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Article summary:

1. The DELIVER trial aims to assess the efficacy of dapagliflozin in reducing cardiovascular death, HF hospitalization, or urgent HF visits in patients with HF and LVEF >40%, including those with mildly reduced, preserved, or improved LVEF.

2. Baseline characteristics of the 6,263 patients enrolled in the DELIVER trial showed that most were elderly, with moderate symptomatic impairment, and a history of prior HF hospitalization. The majority had NYHA functional class II symptoms.

3. Patients were divided into three LVEF groups (41%-49%, 50%-59%, ≥60%) for analysis, and comparisons were made based on recency of prior hospitalization for HF. The study also compared baseline characteristics with other contemporary trials enrolling patients with HF and mildly reduced or preserved ejection fraction.

Article analysis:

The article titled "Baseline Characteristics of Patients With HF With Mildly Reduced and Preserved Ejection Fraction: DELIVER Trial" provides an overview of the DELIVER trial, which aims to evaluate the efficacy and safety of dapagliflozin in patients with heart failure (HF) and left ventricular ejection fraction (LVEF) >40%. The article discusses the rationale for studying this patient population, the study design, concomitant medical therapies, baseline data collection and analysis, comparison with other contemporary HF trials, and results from the enrollment process.

One potential bias in this article is the focus on dapagliflozin as a potential treatment option for patients with HF and mildly reduced or preserved LVEF. The article emphasizes the potential benefits of dapagliflozin without providing a balanced discussion of other treatment options or potential risks associated with this medication. This one-sided reporting could be seen as promotional content for dapagliflozin, especially considering that the trial is sponsored by AstraZeneca, the manufacturer of dapagliflozin.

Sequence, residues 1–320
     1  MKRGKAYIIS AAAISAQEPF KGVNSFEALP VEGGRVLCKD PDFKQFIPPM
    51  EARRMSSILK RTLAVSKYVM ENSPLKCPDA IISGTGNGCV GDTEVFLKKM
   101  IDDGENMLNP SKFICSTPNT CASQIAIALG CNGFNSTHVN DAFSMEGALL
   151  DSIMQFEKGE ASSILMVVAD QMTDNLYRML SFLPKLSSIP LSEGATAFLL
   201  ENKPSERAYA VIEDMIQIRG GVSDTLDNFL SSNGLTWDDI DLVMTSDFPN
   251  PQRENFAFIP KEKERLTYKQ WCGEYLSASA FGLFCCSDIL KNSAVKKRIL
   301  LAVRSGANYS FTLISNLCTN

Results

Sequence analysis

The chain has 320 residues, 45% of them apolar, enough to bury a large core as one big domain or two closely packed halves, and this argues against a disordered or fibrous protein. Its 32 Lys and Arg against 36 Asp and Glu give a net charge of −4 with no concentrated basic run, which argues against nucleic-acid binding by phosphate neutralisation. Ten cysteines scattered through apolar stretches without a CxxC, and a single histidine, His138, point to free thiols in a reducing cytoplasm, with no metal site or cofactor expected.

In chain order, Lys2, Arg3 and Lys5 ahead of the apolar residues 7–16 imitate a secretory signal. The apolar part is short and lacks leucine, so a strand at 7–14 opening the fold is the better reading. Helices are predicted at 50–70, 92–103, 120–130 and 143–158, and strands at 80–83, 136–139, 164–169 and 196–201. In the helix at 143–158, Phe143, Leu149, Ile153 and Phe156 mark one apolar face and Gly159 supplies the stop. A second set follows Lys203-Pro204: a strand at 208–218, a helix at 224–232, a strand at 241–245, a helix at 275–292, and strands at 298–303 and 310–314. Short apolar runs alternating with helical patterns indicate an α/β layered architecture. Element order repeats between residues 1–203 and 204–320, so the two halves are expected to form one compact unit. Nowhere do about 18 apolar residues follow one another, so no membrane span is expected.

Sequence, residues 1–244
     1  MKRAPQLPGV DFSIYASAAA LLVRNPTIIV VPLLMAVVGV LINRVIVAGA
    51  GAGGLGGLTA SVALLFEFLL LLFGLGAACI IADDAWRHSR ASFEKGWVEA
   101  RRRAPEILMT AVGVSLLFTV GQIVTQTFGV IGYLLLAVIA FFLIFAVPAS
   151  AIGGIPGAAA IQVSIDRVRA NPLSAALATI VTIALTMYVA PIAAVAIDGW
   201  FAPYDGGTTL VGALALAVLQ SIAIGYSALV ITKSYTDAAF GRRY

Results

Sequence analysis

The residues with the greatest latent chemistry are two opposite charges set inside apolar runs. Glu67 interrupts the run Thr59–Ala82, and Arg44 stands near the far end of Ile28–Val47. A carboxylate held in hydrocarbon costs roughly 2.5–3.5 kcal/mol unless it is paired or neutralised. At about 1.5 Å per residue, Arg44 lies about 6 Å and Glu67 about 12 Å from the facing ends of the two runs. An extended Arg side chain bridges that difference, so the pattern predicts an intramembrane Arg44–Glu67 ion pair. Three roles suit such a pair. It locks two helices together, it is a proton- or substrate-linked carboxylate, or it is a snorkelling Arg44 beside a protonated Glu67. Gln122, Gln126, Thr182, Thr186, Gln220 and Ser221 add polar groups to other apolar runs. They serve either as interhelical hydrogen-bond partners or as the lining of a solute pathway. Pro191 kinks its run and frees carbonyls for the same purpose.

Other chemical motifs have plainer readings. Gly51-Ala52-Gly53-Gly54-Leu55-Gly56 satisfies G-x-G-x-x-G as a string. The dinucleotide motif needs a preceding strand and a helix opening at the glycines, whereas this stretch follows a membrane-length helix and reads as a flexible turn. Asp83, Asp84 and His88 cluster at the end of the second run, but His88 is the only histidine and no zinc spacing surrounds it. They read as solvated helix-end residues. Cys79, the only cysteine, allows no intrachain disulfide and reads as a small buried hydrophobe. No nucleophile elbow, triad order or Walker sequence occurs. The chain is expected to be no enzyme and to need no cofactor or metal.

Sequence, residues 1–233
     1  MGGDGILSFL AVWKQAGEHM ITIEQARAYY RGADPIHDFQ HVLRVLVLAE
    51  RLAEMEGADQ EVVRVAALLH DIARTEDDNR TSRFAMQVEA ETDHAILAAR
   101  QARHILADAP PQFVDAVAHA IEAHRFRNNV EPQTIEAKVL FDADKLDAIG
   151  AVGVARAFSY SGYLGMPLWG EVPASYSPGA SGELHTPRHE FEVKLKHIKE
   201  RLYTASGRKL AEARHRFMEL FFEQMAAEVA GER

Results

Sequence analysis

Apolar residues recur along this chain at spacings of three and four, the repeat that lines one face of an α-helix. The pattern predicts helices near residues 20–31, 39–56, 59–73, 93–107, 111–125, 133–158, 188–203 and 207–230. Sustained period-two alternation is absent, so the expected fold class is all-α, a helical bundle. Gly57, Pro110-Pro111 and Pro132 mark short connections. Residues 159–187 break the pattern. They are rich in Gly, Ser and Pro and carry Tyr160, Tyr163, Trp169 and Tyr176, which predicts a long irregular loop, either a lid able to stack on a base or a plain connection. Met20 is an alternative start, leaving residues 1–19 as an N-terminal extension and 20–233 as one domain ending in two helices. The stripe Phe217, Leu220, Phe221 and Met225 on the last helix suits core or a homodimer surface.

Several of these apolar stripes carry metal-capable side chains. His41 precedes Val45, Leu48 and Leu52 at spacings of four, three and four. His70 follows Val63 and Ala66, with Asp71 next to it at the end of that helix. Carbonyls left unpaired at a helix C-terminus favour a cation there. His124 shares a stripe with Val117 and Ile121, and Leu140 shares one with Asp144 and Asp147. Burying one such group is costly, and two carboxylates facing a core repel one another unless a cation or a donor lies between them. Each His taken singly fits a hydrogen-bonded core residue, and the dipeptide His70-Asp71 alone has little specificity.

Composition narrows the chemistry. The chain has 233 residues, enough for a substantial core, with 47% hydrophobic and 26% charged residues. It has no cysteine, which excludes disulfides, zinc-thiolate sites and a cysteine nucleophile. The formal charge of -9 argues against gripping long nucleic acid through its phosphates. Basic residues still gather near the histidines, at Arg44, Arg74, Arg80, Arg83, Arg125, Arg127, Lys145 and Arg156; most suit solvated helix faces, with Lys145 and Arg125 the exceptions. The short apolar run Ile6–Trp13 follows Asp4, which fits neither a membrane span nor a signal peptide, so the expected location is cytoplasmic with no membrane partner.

Additionally, while the article mentions that patients were encouraged to receive standard care according to local recommendations, it does not provide detailed information on the specific medications or interventions used in conjunction with dapagliflozin. This lack of transparency could lead to a misunderstanding of how dapagliflozin fits into the overall treatment plan for these patients.

Furthermore, there is limited discussion on potential limitations or challenges faced during the enrollment process for the DELIVER trial. The high rate of screen failures due to not meeting NT-proBNP criteria raises questions about patient selection and generalizability of the study results. Additionally, there is no mention of any adverse events or complications experienced by patients during the trial, which is crucial information when evaluating the safety profile of a new medication like dapagliflozin.

Overall, while the article provides valuable insights into the baseline characteristics of patients enrolled in the DELIVER trial, it lacks a critical analysis of potential biases related to study design, reporting practices, and conflicts of interest. A more comprehensive discussion on both benefits and risks associated with dapagliflozin, as well as a thorough examination of alternative treatment options for HF with mildly reduced or preserved LVEF would enhance the credibility and transparency of this research.